Understanding the Opportunity Costs of Vacancy

What is an acceptable level of vacancy in an organization’s real estate portfolio? Corporate Real Estates (CREs) in high-growth companies might say 15% sounds reasonable; after all, optimizing business flexibility is a priority for CRE departments and empty seats enhance maneuverability, accommodating normal personnel “churn” or future growth. Contrast that with CREs in more established, low-growth companies, who likely focus on maintaining much lower vacancy rates.

CRE has to balance flexibility against cost. Metrics, like cost per square foot, vacancy rates and cost-per-seat are closely tracked, and they’re utilized to inform senior leadership’s location strategy, expansion and/or consolidation decisions. So it borders on astounding that while virtually every organization knows its vacancy rate relatively few place a dollars-and-cents cost on that vacancy.

The question - What is my vacancy costing me? – is as fundamental as the answer is critical, yet that question too often goes unasked,  even though the answer brings stark, bottom-line clarity to any assessment of portfolio performance. Moreover, it’s simple math.  That math will show that an organization with a vacancy rate exceeding 10% is likely paying jarringly high, unnecessary costs – sometimes millions of dollars annually - for unused space and needs to ask, “Is that cost of flexibility worth it?”  

Many CREs would answer, “No”. They view it as leaving cash that could potentially return value to the organization sitting on the table. The question they ask is: “What is the Opportunity Cost of that flexibility?”
Not surprisingly opportunity cost means different things to different organizations, depending on their perspective. For instance:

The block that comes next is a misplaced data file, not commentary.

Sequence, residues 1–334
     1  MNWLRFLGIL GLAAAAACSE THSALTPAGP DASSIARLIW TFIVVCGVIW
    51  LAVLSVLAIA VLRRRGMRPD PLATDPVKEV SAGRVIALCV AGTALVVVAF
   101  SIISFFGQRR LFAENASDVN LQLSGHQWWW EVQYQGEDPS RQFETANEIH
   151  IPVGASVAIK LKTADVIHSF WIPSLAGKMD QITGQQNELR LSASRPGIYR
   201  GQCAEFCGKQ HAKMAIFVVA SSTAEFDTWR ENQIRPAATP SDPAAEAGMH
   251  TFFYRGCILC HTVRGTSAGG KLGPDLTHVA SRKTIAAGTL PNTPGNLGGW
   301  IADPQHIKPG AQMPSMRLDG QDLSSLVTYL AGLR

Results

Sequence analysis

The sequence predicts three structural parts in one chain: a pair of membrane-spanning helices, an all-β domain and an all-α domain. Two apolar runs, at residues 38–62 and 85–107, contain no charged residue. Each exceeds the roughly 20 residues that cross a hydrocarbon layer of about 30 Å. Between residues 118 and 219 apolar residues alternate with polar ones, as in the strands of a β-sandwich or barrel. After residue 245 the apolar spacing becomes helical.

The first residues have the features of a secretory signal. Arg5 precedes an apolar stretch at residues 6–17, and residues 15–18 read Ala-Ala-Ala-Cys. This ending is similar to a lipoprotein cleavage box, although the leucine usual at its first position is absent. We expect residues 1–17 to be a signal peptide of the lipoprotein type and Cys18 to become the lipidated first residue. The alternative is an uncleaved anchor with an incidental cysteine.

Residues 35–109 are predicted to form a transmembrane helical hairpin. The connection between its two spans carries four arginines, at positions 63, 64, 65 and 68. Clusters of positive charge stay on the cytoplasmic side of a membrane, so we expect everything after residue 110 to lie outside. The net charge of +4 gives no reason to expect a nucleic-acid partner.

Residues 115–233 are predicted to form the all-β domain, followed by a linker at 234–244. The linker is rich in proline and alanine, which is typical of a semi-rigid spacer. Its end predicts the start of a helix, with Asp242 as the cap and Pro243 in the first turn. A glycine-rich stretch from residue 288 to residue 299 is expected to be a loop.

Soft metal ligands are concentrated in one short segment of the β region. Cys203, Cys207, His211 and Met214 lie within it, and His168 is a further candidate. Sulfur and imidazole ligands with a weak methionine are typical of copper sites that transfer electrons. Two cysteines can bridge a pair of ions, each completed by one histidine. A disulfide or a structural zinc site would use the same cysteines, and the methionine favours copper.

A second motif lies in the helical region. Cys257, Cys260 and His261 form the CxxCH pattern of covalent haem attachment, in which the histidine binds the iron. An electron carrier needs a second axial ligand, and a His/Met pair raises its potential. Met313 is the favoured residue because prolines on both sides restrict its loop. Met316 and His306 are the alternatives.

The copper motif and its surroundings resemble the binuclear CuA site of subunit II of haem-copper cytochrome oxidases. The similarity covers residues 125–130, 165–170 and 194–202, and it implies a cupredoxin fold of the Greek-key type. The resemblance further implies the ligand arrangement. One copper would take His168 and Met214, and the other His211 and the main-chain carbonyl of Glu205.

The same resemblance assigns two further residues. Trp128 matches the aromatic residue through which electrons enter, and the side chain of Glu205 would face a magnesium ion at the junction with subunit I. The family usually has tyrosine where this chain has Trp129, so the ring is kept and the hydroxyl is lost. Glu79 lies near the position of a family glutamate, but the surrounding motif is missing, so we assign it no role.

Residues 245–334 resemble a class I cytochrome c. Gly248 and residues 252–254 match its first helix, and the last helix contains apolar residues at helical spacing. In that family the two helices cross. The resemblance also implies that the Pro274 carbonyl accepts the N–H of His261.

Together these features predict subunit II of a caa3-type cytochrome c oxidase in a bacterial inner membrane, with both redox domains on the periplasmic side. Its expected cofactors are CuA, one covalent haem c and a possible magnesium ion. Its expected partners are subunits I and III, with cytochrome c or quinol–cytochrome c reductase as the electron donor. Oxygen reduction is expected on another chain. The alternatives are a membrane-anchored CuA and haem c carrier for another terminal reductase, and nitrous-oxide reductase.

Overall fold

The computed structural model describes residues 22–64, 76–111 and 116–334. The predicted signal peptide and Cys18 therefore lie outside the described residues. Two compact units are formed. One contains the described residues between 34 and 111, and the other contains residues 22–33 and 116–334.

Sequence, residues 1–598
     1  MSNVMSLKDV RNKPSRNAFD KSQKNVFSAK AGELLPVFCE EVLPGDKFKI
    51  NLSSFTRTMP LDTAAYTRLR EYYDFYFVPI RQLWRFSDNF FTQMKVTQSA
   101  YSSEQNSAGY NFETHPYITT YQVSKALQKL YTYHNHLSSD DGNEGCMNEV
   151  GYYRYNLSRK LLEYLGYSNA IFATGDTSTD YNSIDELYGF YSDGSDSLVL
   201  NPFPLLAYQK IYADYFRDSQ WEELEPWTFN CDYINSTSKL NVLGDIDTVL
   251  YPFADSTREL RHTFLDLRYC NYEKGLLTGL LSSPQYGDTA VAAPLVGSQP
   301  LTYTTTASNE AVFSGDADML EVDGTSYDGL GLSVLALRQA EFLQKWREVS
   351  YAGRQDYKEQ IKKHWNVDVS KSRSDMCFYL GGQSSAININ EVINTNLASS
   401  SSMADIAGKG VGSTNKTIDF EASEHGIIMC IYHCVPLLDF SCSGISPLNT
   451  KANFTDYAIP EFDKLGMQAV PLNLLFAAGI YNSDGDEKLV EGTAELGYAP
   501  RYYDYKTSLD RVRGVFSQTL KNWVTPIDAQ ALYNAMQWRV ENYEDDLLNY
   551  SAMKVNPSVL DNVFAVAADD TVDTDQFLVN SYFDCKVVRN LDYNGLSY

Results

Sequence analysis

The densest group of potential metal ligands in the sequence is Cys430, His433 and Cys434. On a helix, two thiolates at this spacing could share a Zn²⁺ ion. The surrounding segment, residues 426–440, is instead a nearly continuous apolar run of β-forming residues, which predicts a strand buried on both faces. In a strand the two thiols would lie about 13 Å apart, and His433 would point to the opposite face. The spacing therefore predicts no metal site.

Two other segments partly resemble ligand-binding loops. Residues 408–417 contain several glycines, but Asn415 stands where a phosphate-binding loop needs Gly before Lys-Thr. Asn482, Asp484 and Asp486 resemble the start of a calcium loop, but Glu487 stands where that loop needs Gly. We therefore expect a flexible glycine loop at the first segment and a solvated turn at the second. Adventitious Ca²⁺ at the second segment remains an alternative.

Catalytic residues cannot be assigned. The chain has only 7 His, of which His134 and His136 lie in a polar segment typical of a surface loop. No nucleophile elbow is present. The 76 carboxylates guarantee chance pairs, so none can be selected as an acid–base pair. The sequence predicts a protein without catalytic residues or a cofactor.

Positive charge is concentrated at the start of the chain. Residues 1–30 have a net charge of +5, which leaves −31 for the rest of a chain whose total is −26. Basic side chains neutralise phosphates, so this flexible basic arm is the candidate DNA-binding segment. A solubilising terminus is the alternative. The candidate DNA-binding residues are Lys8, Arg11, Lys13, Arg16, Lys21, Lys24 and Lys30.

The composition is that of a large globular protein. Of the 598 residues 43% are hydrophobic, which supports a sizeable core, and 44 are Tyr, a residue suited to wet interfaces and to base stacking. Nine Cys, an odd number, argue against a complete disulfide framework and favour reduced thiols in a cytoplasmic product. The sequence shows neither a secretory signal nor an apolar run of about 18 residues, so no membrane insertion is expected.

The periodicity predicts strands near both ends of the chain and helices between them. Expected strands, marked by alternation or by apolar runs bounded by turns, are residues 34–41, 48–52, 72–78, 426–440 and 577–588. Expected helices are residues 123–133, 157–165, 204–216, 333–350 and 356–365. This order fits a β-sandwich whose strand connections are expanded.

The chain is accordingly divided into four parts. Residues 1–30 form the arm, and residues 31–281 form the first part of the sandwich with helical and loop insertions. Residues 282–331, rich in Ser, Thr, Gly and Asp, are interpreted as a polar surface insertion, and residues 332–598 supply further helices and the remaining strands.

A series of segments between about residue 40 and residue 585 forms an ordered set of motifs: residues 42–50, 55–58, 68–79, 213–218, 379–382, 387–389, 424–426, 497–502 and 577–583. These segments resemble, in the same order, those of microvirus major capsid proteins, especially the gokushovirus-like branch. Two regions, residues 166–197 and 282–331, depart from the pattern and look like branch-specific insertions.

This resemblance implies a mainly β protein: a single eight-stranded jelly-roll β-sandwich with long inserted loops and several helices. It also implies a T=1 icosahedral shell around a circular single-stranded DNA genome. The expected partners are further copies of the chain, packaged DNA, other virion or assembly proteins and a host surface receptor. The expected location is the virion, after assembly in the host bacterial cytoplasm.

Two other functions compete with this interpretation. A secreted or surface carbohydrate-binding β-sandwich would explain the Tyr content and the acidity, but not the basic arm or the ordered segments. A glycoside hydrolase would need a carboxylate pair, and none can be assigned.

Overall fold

1. For a company with low churn and little or no growth, carrying a high vacancy costing it $5M per year, the opportunity cost could be the return that cash would earn sitting in an investment. Or perhaps that money could otherwise be dedicated to capital expenditures to increase production volumes and increase revenue, or it could be used for hiring to meet new market demands. 
  2. For a company with high churn and low vacancy the empty seats may be costing them less, but the business may incur additional costs to secure swing space or to reconfigure space - all of which could be money spent elsewhere.
  3. For a company with high growth and low vacancy the lack of space may not prevent it from adopting a seat-sharing policy or forcing personnel into conference rooms, etc., but what if it’s confronted with a huge hiring need to meet a new product demand in the market?  The company may be able to acquire new space in that market, but what if the workforce is tuned to a specific geography with little or no space availability? This situation may lead to an ad hoc portfolio of multiple locations acquired under different market conditions, multiple leases, functional inefficiencies and duplicate systems.

The bottom line is opportunity cost scenarios are unique to every organization. For example, a New York-based business may want to move part of its operations to where a more affordable, equally qualified workforce lives. While the flexibility to hire in a less expensive market and lower cost of labor is certainly desirable an unintended consequence - increased vacancy in their very costly New York location – becomes a sobering counterbalance. Knowing exactly what that vacancy will cost adds a new dimension to what seems to be an easily justifiable business decision.

Seeing the calculation in black-and-white tends to be a real “ah-ha” moment for corporate leadership as they formulate growth projections and make strategic decisions regarding future action on lease renewal, managing the cost of long-term leases and/or business-owned properties. For CFOs it associates a cost to portfolio flexibility, enabling them to weigh that risk in context of the other enterprise-wide financial decisions they’re making.

Determining a threshold for vacancy and calculating the cost associated with it should be - at minimum - part of an annual portfolio strategy review. The fact is, whether vacancy spikes due to a major event, like a merger or acquisition, or it’s a gradual trend over the long-term most companies have more vacancy than they need, and it’s costing them real dollars.

Ann Tucker
Senior Managing Director


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